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Feeding Stuffs (Sampling and Analysis) Regulations (Northern Ireland) 1999

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Preparation of the sample for analysis

3.—(a) Samples must be prepared in such a way that the amounts weighed out, as provided for in the methods of analysis, are homogeneous and representative of the final sample.

(b)All the necessary operations must be performed in such a way as to avoid, as far as possible, any change in, or contamination of, the sample. Grinding, mixing and sieving should be carried out as quickly as possible with minimal exposure of the sample to the air and light. Overgrinding is to be avoided. Mills and grinders likely to heat the sample appreciably should not be used. Nevertheless, where some loss or gain of moisture is unavoidable, allowance should be made for such changes (see sub-paragraph (d)). Manual grinding is recommended for feeding stuffs which are particularly sensitive to heat. Care should also be taken to ensure that the apparatus itself is not a source of contamination by trace elements.

(c)If the final sample as received consists of unopened packages or containers then, immediately prior to the preparation of the sample for analysis, all the contents shall be thoroughly mixed together.

(d)If the sample is appreciably moist, or if for any reason the preparation cannot be carried out without significant changes in the moisture content of the sample, determine the moisture content before and after preparation, using the method specified in columns 2 and 3 of Annex I to Part II of this Schedule, appearing opposite to the reference to “Moisture” in column 1 of that Annex.

(e)When a microscopial examination for the presence of undesirable substances is required then, in the absence of good reason to the contrary—

(i)the sample should be crushed and ground only to such an extent that facilitates the examination, and

(ii)grinding to pass 1 mm should not be used where it could lead to difficulties in identifying the undesirable substances listed in Schedule 5 to the Feeding Stuffs Regulations (Northern Ireland) 1995(1).

(f) Procedure

Mix the sample thoroughly either mechanically or manually. Divide the sample into two equal portions (the quartering method should be used where applicable). Preliminary crushing and/or grinding may be necessary, if the sample is in a coarse condition, to facilitate this division. Keep one of the portions in a suitable container, i.e. non-corrodible, clean and dry and fitted with an air-tight stopper, and prepare the other portion or a representative part of it, of at least 100 g, as indicated below.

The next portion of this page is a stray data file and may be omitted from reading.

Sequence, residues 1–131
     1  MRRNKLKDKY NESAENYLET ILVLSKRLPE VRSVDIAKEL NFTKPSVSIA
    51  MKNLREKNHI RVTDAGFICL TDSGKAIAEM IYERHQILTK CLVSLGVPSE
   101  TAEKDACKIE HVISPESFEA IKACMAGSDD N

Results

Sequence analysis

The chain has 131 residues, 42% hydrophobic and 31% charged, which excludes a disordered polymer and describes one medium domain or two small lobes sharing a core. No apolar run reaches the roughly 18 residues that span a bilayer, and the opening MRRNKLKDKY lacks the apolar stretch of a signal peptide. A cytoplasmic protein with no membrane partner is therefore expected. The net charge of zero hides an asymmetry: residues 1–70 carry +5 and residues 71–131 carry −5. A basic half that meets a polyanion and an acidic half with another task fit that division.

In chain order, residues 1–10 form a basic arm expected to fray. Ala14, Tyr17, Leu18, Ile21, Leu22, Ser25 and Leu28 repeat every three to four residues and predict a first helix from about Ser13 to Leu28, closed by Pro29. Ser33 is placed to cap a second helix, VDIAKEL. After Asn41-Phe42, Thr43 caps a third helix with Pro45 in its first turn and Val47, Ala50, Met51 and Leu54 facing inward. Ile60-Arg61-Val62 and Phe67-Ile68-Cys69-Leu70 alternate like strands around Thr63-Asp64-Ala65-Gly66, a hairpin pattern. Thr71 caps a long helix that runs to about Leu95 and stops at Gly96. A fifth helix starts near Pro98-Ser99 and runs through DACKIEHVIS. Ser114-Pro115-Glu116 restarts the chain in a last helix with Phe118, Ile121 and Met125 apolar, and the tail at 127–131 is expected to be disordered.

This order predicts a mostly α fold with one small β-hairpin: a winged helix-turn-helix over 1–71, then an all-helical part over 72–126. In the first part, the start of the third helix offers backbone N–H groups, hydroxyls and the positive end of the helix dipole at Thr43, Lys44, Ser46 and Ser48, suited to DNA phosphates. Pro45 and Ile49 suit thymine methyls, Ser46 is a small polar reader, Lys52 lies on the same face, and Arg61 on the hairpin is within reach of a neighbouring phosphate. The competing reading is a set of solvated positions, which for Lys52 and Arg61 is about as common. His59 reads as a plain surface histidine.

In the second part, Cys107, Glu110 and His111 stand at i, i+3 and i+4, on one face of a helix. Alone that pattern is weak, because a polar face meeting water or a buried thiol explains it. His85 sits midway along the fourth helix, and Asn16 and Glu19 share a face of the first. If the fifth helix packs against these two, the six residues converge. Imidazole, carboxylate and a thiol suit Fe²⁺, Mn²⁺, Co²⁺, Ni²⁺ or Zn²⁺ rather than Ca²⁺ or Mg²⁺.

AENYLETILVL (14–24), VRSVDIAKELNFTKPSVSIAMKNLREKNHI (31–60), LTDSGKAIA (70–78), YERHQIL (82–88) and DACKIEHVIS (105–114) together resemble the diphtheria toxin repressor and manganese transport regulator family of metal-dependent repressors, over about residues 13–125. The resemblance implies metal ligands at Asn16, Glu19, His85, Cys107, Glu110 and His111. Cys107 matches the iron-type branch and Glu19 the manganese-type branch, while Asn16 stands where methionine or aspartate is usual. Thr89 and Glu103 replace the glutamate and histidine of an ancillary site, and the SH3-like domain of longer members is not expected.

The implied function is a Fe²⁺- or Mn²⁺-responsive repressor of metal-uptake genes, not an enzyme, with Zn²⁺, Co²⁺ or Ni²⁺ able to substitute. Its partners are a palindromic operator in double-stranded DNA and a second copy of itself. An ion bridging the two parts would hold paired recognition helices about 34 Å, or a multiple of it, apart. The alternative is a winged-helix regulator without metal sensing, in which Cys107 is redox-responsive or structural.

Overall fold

(i)Feeding stuffs which can be ground as such

Unless otherwise specified in the method of analysis concerned, sieve the whole sample through a sieve having apertures of 1 mm square(2)(3), in accordance with recommendation ISO R565, after grinding, if necessary. Mix the sieved sample and collect it in a suitable container, i.e. non-corrodible, clean and dry and fitted with an air-tight stopper. Mix again, immediately before weighing out the amounts for analysis.

(ii)Feeding stuffs which can be ground only after drying

Unless otherwise specified in the method of analysis concerned, dry the sample to reduce its moisture content to a level of 8-12%, in accordance with the preliminary drying procedure specified in point 4.3 of the method referred to in sub-paragraph (d) until grinding enables the sample to be passed wholly through a sieve having apertures of 1 mm square(2)(3). Then proceed as indicated in sub-paragraphs (f)(i).

(iii)Liquid or semi-liquid feeding stuffs

Collect the sample in a suitable container, i.e. non-corrodible, clean and dry and fitted with an air-tight stopper. Mix thoroughly immediately before weighing out the amount for analysis.

(iv)Other feeding stuff

A sample which cannot be prepared according to any of the above procedures should be treated by any other procedure which ensure that the amounts weighed out for analysis are homogenous and representative of the final sample.

(g) Storage of samples

Samples must be stored at such a temperature as will cause no compositional changes. A sample intended for the analysis of vitamins, or substances which are particularly sensitive to light, should be placed in a brown glass container.

(2)

Test sieves conforming to British Standard 410:1976 are suitable.

(3)

Where an analysis for copper has to be carried out, a stainless steel sieve should be used.

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